Just as I am sceptical of the social claims of tech boosters, I prefer to take my breathless futurism with a grain of salt. Yes, new technology can be disruptive, and yes, it does cause some changes, but you always have to be wary that you don’t mistake the reality inside a bubble with how life is for most people out there. The latest case in point, the so called “sharing” or “gig” economy:
Drivers for online platforms including Uber and Lyft are making less than half of what they did four years ago, even as more and more people are drawn into working for them.
A new report from the JPMorgan Chase Institute, based on payments directed to 2.3 million families, showed that average monthly platform earnings dropped considerably — by 53% — between 2013 and 2017.
These drivers made $783 per month in 2017 versus $1,469 in 2013…
A limitation of the report is that it only took into account monthly earnings as opposed to hourly earnings. The reason for this being that it was not possible for the researchers to extract hourly earnings data from customers’ bank accounts. “We observe when customers are cashing out, but we don’t know how much they have been working,” said Amar Hamoudi, senior research lead at the JPMorgan Chase Institute.
“These declines in monthly earnings among drivers may reflect the fact that the growth in the number of drivers could have put downward pressure on hourly wages; they may also reflect a potential decline in the number of hours drivers are driving,” the report stated.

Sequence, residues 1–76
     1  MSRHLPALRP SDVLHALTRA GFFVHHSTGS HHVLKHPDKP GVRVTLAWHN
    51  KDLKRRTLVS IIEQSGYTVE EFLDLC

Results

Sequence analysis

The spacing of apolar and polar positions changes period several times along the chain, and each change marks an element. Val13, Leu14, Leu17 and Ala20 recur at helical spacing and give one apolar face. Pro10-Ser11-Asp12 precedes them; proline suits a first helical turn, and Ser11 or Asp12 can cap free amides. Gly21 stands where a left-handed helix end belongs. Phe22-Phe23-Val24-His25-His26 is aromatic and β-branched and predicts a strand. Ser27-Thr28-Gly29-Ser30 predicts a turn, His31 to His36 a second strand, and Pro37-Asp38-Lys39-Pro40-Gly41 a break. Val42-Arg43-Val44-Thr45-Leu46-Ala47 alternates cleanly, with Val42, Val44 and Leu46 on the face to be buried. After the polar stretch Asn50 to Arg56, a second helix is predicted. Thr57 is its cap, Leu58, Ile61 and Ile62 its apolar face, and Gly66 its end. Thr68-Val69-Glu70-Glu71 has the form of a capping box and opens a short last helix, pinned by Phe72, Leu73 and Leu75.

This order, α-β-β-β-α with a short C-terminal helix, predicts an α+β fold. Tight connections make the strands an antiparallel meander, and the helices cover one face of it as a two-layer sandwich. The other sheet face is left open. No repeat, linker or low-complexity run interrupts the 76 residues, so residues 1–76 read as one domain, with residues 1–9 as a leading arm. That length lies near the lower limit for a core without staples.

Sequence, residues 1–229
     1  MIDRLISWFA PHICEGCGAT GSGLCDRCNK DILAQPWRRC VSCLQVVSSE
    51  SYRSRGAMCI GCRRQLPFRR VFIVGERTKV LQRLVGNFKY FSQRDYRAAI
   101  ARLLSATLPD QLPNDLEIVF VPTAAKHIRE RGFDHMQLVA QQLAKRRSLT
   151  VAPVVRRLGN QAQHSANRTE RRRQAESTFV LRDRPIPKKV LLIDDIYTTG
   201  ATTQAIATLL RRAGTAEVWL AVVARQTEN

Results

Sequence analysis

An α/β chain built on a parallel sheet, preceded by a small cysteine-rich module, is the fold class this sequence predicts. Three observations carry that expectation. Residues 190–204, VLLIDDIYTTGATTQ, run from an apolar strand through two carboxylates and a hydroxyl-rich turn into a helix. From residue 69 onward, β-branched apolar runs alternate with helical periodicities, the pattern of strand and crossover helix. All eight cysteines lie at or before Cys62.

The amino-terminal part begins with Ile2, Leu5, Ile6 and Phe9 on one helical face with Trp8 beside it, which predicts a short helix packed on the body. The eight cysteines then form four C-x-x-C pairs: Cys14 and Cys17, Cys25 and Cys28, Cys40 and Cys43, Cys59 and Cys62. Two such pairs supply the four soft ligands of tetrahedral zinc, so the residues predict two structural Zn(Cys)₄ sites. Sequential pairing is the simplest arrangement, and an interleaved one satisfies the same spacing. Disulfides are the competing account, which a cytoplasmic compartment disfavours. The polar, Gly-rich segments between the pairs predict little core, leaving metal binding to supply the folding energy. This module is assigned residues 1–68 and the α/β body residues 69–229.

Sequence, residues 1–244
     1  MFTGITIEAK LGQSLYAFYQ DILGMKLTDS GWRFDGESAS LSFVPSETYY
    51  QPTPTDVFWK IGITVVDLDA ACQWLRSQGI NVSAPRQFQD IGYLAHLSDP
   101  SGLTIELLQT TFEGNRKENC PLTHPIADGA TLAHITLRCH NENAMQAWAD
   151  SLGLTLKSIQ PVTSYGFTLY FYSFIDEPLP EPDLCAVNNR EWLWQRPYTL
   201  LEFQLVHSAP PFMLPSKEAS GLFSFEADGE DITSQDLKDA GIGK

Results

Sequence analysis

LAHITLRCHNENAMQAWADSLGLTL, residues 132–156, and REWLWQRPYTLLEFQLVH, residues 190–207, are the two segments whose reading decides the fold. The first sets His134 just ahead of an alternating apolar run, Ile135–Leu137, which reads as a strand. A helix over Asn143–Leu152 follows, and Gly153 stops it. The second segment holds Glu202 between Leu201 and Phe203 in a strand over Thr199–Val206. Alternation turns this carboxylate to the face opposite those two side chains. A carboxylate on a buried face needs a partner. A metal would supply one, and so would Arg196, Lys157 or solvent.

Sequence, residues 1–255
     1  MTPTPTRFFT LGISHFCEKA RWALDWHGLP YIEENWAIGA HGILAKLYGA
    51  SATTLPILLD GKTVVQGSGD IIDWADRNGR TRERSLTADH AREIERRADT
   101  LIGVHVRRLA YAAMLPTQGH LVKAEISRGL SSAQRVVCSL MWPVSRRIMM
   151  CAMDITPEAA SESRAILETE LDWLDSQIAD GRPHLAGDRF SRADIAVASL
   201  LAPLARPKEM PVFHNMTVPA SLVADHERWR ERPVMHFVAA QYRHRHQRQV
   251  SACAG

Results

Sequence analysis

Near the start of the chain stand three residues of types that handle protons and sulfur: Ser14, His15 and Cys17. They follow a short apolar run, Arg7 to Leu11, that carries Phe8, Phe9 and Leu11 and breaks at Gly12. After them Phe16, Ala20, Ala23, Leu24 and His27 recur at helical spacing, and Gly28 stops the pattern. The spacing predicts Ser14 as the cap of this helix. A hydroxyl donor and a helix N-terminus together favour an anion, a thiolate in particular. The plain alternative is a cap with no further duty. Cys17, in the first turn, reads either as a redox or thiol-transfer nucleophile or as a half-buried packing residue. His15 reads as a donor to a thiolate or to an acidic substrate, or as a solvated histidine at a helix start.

It might be the case of less work for more people, making the impact wider but shallower:
The initial popularity of gig work prompted a rash of speculation that independent workers — freelancers as well as gig workers and contractors — would soon occupy a steadily larger portion of the workforce. In October, a study by the Freelancers Union and Upwork, a freelancing website, predicted that a majority of U.S. workers would be freelancers by 2027.
Yet the JPMorgan Chase Institute’s report casts doubt on that likelihood. It found that among drivers, 58 percent work just three months or less each year through online economy websites. These include ride-hailing services such as Uber and Lyft as well as delivery drivers and movers who find work through online apps. Amazon, for example, now uses independent drivers to deliver some packages.
The study also reviewed online platforms that provide home improvement work, including TaskRabbit and dog-walking, home cleaning and other sites. Two-thirds of those workers perform gig work for only three months a year or less.
There seems to be more change inside the gig economy itself than prompted by it: “The JPMorgan Institute study found that transportation is increasingly the dominant force in the gig economy. Driving makes up 56 percent of all gig work, up from just 6 percent in 2013. Selling items through such online sites as eBay and Etsy has sunk to 19 percent of gig work, down from 72 percent… People who participate in leasing websites, such as Airbnb and car rental site Truro, are earning more than other gig workers — averaging $2,113 in March of this year. But just 0.2 percent of households participate in such sites, the study found.”
New technology has given many people an opportunity to do a bit extra for themselves, but it seems to be largely a supplementation rather than a substitution. Beware of the sweeping claims of revolution. Changes are far subtler and take longer to unfold, much less permeate from the centres of early adoption to the rest of society. The Freelancers Union and Upwork might see a workforce of freelancers in the near future because that’s who they are and what they want to see happen. Meanwhile, what not many have actually predicted but is happening is the revival of the good old-fashioned and very 20th century manufacture.